A Remote Work Guide for Employee Engagement

The office birthday parties and celebrations.

The office softball teams.

The lunch group that discusses politics, the environment, cooking, and how to be better parents.

The friendships that have developed in the workplace that have moved to outside the workplace.

The one-on-one meetings that focused on performance, development, and relationship-building.

The team meetings that brainstormed ideas, celebrated successes, and made work feel personal.

All of the above have always been part of what makes a workplace engaging. Yet for many organizations that have moved to remote working, especially those that will keep their employees remote as the pandemic subsides, a new challenge will emerge: How do you replicate some of these events, and the feelings that these events create, when employees are now separated by distance? 

The answers are rooted in employee engagement, or the discretionary effort that employees put into their work. The more engaged an employee, the greater the person’s commitment to the organization, which subsequently impacts productivity and performance. 

In a post-COVID-19 workplace, you’ll need to rethink how you engage remote employees. The starting place is to go back to what have been the drivers of engagement in our pre-COVID-19 world: alignment, relationships and development. Combined, these create a remarkable employee experience. Here’s how to deliver them remotely.

1. Alignment

Alignment refers to knowing what each role at your organization does, the attributes required to do it well (i.e., behaviors, skills, experience, education), and using this information to ensure that employees are good fits for their roles. People are not engaged when they don’t feel capable, competent, and confident in what they are doing. 

To activate engagement through alignment, start by creating a performance profile for each role, which should define the major and specific tasks of the job, as well as the specific behaviors, skills, experience, and education required to do it well — and do it well remotely. This will likely entail emphasizing greater personal organization, confidence, critical thinking, professionalism, and problem-solving. Though always important in a workplace environment, these become more critical in a remote environment. 

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2. Relationships 

The connections that managers create with their employees are vital for engagement. The more personalized, supportive, and coach-like the relationships, the more included and valued employees will feel.

In a conventional, physical workplace, relationships happen almost by accident, often as a result of proximity. In a remote setting, this becomes more complicated and takes more effort. But the effort is essential — because strong relationships encourage greater communication, ideas, commitment, and performance. The reverse of the popular adage, “people quit people before they quit companies” is true: People in sound, caring, supportive, and encouraging relationships stay in those relationships.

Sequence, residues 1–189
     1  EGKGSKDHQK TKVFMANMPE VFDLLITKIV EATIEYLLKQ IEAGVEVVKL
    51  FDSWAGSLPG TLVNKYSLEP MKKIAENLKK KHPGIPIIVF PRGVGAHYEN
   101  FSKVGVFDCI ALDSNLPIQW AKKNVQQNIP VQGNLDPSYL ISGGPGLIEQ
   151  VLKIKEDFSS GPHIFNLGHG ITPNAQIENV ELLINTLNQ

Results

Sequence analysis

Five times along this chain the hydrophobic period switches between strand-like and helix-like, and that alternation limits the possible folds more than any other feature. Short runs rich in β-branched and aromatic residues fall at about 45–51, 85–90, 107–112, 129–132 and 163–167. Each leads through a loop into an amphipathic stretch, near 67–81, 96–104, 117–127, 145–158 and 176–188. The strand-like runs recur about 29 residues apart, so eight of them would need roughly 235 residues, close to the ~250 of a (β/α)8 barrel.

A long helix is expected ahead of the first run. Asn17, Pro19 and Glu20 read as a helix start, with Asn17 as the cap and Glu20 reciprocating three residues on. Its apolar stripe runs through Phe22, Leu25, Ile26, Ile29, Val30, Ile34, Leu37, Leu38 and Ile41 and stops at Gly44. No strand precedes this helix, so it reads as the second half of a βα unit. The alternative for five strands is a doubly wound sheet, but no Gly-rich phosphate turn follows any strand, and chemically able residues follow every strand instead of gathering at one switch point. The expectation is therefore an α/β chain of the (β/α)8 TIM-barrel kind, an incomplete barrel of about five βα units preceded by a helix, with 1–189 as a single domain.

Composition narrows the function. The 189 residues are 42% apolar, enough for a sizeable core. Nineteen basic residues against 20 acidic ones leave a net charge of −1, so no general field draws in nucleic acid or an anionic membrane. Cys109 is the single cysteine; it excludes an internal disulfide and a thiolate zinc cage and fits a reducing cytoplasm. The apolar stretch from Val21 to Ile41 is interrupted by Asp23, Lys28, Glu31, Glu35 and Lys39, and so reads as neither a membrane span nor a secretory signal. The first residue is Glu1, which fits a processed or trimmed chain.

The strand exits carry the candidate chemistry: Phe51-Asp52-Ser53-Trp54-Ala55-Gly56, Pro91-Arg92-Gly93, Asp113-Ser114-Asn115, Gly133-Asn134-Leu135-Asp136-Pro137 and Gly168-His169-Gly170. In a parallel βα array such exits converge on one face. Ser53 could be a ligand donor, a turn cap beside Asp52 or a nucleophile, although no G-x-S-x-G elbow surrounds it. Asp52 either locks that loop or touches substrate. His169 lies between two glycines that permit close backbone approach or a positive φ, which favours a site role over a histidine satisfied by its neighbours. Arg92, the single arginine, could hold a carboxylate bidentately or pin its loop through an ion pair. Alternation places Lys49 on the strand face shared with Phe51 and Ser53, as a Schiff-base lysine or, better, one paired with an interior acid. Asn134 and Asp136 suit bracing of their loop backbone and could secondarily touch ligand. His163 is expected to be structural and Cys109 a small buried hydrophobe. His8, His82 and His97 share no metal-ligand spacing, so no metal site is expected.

Building stronger manager/employee relationships as a driver of engagement directs us to workplace coaching. Managers who learn how to think and act as workplace coaches approach their workplace relationships differently. Using coaching skills — like asking, listening, and guiding — improves relationships and, therefore, engagement. Furthermore, to mitigate distance in a remote work environment, managers should have frequent, guiding, and development-focused interactions with their employees. 

3. Development

Development refers to regularly helping employees improve their performance and skills so they can grow into their potential. This activates employees’ abilities and self-belief.

Develop your people using regular performance conversations that are interactive and structured to review an individual’s performance. Your aim is to gather information to assess successes, challenges, and roadblocks. Then work with employees to develop plans to amplify successes and address and solve issues.

Your objective should be to work together to build action plans that guide people to solving problems. This is especially critical in a remote work environment where an ad hoc learning and development session may or may not happen. Instead, your remote employees will need regularly scheduled events to ensure you can answer the question, How have I helped my employee grow, learn, and improve today? 

Ultimately, exceptional performance is more about how connected and engaged an employee feels, not where they do the work. 

Jay Forte is President and Founder of The Forte Factor and Certified Executive Coach. Dedicated to sharing practical approaches to hiring, engaging, managing, developing and leveraging talent, he helps organizations build high-performing teams through his coaching, educating and consulting. He is the author of Fire Up Your Employees and Smoke Your Competition, and The Greatness Zone – Know Yourself, Find Your Fit, Transform the World. You can learn more at www.thefortefactor.com.

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